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PRODUCT INNOVATIONS


Quality Castings Improves Melt Quality With SPAL Argon Shielding When Richard Adams became


general manager of Quality Castings, Waukesha, Wis., in 2007, he real- ized the investment casting facility was sending too much metal out for scrap recycling. He installed a device designed to dispense argon on top of the melt to prevent oxidation and avoid the introduction of moisture. While the in-house-fabricated system helped improve quality, crucible life and rework, after Adams and Randy Harrington purchased Quality Cast- ings in 2010, they believed more material, time and energy savings could be achieved by processing even cleaner molten metal through its melting and casting operation. When Adams first began introduc-


ing argon to the induction melting process at Quality Castings in 2008 with the in-house system, he helped his company double crucible life, reduce welding rework by 50%, and re-use revert three times, thus saving his company $0.65/lb. for alloy refin- ing. Still, Air Liquide noticed Quality Castings was losing 50% of its argon through an inconsistent delivery system. Plus, the in-house designed system occupied floor space that obstructed lean manufacturing flow. Quality Castings, which pours cast-


ings from fractions of an ounce to 60 lbs., invited Air Liquide, Houston, Texas, to implement its SPAL argon shielding technology on one of its 300-


Quality Castings receives a supply of argon from a permanently installed bulk tank (right) by means of a vacuum jacketed pipe system.


lb. capacity induction melting furnaces for 316 and 15-5 stainless steel alloys. An Air Liquide application specialist evaluated the induction furnace and determined the optimum cryogenic liquid argon flow rate. He also pro- vided safety talks prior to the initial test, onsite training, engineering and troubleshooting. The mechanics of the SPAL process


at the investment casting facility include a supply of argon from a permanently installed bulk tank. The cryogenic argon is conducted from the bulk tank to the induction furnace area by a vacuum jacketed pipe system. The SPAL process was designed to


Table 1. Effect of Clean Molten Metal Processing on Total Operational Cost Item


Melting alloy yield increase/cycle Fused silica crucible life increase Silicon-titanium de-oxidation additions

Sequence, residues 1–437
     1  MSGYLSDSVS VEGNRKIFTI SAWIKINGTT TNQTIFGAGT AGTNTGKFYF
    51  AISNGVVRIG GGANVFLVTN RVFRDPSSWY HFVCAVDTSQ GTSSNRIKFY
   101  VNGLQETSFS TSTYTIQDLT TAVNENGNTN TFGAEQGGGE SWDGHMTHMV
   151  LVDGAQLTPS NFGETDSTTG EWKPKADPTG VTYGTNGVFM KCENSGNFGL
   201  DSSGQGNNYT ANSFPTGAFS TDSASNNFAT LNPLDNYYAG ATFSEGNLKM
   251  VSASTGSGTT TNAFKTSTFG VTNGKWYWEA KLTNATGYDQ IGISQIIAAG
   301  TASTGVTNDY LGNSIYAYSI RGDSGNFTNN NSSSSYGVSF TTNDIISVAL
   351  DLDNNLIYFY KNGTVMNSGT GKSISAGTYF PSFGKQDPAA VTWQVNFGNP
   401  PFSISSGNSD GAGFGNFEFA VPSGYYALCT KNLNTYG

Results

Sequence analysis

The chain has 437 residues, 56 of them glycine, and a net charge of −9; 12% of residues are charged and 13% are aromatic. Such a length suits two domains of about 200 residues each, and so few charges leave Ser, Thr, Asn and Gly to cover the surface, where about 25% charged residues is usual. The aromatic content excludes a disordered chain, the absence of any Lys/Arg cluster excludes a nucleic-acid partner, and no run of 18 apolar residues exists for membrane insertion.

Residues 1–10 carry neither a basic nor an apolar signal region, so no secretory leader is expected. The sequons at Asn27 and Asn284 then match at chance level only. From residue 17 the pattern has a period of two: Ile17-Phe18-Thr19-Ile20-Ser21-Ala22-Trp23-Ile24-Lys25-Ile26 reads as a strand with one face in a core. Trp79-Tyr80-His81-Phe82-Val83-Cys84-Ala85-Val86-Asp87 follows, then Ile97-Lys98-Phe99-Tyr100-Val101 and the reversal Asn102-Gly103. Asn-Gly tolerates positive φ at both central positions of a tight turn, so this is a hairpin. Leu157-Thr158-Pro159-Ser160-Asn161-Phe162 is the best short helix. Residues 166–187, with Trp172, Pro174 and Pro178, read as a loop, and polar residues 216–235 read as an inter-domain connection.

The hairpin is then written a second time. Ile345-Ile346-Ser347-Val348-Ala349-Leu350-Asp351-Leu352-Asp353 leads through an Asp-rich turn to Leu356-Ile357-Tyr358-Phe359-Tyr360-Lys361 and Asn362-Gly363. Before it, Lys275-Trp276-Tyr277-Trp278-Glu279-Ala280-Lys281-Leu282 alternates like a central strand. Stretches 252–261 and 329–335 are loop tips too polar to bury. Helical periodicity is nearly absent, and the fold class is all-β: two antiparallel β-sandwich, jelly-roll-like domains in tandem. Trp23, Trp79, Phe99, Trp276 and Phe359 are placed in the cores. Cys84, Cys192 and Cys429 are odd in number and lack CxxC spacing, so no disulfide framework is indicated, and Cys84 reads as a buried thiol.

Scrap reduction due to porosity and inclusions Rework reduction (welding)


Melt temperature decrease (304 stainless steel) Tap-to-tap time (304 stainless steel) Revert re-use (alloy fade and purity)


Cut-off saws and grinding belts life increases VGL/dewar vs. bulk delivery of argon savings Machinability/tool life


MODERN CASTING / January 2011


With In-House System 2%


100% 9 oz. 5%


50% n/a n/a


3 times 20%


$8,000/month n/a


reduce the interaction between molten metal and atmospheric gases, such as oxygen and hydrogen, during air melting operations. The liquid argon evaporates on or near the surface of the molten metal, expands 840 times in volume and displaces the air, thus purging the furnace atmosphere. After four months in operation, the


With SPAL 4%


160%


4 oz. (55%) 10% 75% 150F 10%


100% 40%


$3,000/month 10 times


SPAL process at Quality Castings further improved crucible life by another 30%, reduced silicon-titanium deoxidation material by 55% and led to a 25% reduc- tion in welding rework due to improved surface finish. The company performing machining for Quality Castings reported tool life increased 10 times. Further comparison of the impact of


processing clean molten metal on total operational cost at Quality Castings is shown in Table 1. The investment casting facility calculates the improved delivery system from Air Liquide led to $5,000 per month in argon savings. MC Visit www.us.airliquide.com for more information.


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